A new poll of 50 battleground Congressional districts, conducted by Democracy Corps, finds Democrats likely to make solid gains in the 2012 election cycle:

This leads to a congressional race that is dead-even in the battleground.  After winning these seats by a collective 14 points in 2010, these Republicans now lead generic Democratic challengers by just 2 points, 44 to 46 percent, and stand well below the critical 50 percent mark. The race is dead even in the top tier of the 25 most competitive seats—46 percent for the Democrats versus 45 percent for the Republicans.  In the next 25 seats, the Republicans have a slight 42 to 47 percent advantage.

For comparison, in July 2009, after the luster of President Obama’s inauguration had already begun to fade, the Democratic incumbents in our battleground of 40 districts had a 6-point advantage over a generic Republican challenger.  36 of these 40 Democrats went on to lose their seats.  And in June of 2007, in the top 35 most competitive Republican-held districts, the incumbents also held a 6-point lead.  19 of those 35 Republicans went on to lose their seats.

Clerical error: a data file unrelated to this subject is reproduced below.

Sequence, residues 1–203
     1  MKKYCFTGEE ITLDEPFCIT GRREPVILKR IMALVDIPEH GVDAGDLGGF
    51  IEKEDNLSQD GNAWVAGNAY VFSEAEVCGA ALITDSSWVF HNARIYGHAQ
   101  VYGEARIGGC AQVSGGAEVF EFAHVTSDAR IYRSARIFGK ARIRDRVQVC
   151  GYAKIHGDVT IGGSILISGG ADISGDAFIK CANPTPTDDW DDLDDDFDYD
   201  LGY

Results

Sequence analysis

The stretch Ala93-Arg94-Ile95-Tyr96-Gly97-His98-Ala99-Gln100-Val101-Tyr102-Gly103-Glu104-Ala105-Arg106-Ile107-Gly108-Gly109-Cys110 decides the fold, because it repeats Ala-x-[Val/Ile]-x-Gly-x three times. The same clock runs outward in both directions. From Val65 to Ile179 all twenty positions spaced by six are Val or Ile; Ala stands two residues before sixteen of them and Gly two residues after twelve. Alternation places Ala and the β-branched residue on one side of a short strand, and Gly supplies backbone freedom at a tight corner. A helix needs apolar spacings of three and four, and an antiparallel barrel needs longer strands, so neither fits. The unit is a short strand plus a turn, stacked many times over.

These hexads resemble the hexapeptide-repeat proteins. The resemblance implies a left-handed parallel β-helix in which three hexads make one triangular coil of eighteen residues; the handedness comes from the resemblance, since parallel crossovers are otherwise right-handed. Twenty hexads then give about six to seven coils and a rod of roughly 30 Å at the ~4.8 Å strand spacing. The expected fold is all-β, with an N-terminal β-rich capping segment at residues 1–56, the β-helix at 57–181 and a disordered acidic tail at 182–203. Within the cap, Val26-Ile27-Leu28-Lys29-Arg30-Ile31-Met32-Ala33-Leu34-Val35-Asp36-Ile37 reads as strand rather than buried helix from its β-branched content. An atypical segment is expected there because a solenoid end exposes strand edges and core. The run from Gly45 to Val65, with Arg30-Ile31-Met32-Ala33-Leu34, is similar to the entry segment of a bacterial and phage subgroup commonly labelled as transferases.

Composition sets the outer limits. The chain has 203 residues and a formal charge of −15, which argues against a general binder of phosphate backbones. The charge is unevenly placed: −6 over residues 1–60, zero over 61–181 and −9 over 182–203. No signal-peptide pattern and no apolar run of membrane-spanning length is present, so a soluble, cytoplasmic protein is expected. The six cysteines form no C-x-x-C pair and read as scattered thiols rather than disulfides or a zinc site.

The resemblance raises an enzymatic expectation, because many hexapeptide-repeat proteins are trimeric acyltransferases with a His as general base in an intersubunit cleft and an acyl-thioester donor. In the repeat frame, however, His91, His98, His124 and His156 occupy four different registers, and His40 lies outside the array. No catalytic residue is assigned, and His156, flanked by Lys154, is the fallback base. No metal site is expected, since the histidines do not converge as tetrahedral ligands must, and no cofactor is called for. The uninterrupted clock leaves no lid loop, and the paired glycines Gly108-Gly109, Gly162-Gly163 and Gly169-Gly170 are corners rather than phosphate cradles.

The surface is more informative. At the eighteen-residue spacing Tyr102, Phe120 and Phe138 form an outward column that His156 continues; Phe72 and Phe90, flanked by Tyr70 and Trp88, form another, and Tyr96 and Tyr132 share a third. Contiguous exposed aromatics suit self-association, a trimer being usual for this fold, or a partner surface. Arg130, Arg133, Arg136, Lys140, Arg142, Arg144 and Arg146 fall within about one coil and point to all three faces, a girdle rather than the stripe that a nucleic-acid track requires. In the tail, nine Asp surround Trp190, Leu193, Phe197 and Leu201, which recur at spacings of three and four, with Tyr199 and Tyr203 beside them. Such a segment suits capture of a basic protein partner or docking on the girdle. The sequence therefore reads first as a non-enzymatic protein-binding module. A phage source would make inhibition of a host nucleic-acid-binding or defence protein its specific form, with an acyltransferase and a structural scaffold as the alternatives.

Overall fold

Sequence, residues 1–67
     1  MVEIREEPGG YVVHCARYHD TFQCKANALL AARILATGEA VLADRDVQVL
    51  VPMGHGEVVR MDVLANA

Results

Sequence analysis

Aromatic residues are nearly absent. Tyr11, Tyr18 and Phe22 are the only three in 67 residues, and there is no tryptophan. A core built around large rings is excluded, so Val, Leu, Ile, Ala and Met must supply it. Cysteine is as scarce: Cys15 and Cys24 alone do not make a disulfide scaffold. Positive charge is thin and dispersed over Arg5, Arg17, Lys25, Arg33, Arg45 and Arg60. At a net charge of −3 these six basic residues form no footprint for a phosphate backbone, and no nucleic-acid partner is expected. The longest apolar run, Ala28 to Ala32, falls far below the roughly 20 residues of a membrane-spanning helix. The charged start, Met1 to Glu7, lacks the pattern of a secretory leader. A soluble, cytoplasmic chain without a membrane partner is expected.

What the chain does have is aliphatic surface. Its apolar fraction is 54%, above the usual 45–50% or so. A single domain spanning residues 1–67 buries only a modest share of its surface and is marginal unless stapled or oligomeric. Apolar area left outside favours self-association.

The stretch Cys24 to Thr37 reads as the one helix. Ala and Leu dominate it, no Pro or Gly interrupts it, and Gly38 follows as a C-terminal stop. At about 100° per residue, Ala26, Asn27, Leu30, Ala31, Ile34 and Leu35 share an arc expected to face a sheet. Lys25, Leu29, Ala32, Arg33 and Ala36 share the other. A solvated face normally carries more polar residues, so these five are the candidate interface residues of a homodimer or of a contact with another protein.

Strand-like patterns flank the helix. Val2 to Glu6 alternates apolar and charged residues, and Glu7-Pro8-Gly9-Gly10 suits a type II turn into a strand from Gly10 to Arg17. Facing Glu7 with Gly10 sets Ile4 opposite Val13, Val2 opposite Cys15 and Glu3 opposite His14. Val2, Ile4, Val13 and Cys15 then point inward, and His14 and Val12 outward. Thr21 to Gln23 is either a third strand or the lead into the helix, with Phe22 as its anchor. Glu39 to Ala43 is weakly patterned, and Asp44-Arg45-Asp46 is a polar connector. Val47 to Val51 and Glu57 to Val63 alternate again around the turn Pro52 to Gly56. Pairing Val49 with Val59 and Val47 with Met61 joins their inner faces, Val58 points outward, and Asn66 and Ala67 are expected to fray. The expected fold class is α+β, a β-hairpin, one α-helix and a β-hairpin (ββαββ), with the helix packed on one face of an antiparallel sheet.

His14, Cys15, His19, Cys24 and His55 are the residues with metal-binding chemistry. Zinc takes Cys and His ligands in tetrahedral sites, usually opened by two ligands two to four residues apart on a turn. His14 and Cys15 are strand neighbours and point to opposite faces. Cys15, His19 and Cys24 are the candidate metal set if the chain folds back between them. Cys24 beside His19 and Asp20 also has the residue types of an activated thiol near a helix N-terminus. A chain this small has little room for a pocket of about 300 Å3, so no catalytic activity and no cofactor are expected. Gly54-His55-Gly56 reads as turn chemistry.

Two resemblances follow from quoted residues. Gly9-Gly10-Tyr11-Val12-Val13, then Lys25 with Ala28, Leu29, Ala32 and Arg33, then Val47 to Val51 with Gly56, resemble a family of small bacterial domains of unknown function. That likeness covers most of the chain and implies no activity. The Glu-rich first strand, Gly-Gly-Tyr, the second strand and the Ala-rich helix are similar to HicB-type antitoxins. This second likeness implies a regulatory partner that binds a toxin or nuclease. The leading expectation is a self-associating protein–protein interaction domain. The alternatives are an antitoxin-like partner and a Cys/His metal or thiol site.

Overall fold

It would seem Democrats might be gaining thanks to the fact that Congressional Republicans haven’t done a good job of winning over the public, and as a result of several new Republican governors dinging the brand and seeing their popularity plummet thanks to high-profile fights with public-sector unions.

The conventional wisdom is that Democrats will likely make some gains in 2012 with a friendly presidential year turnout, but this poll indicates there is at least the possibility that Democrats could possibly retake the House in 2012. Of course, that is still a long ways off and a lot could happen before then.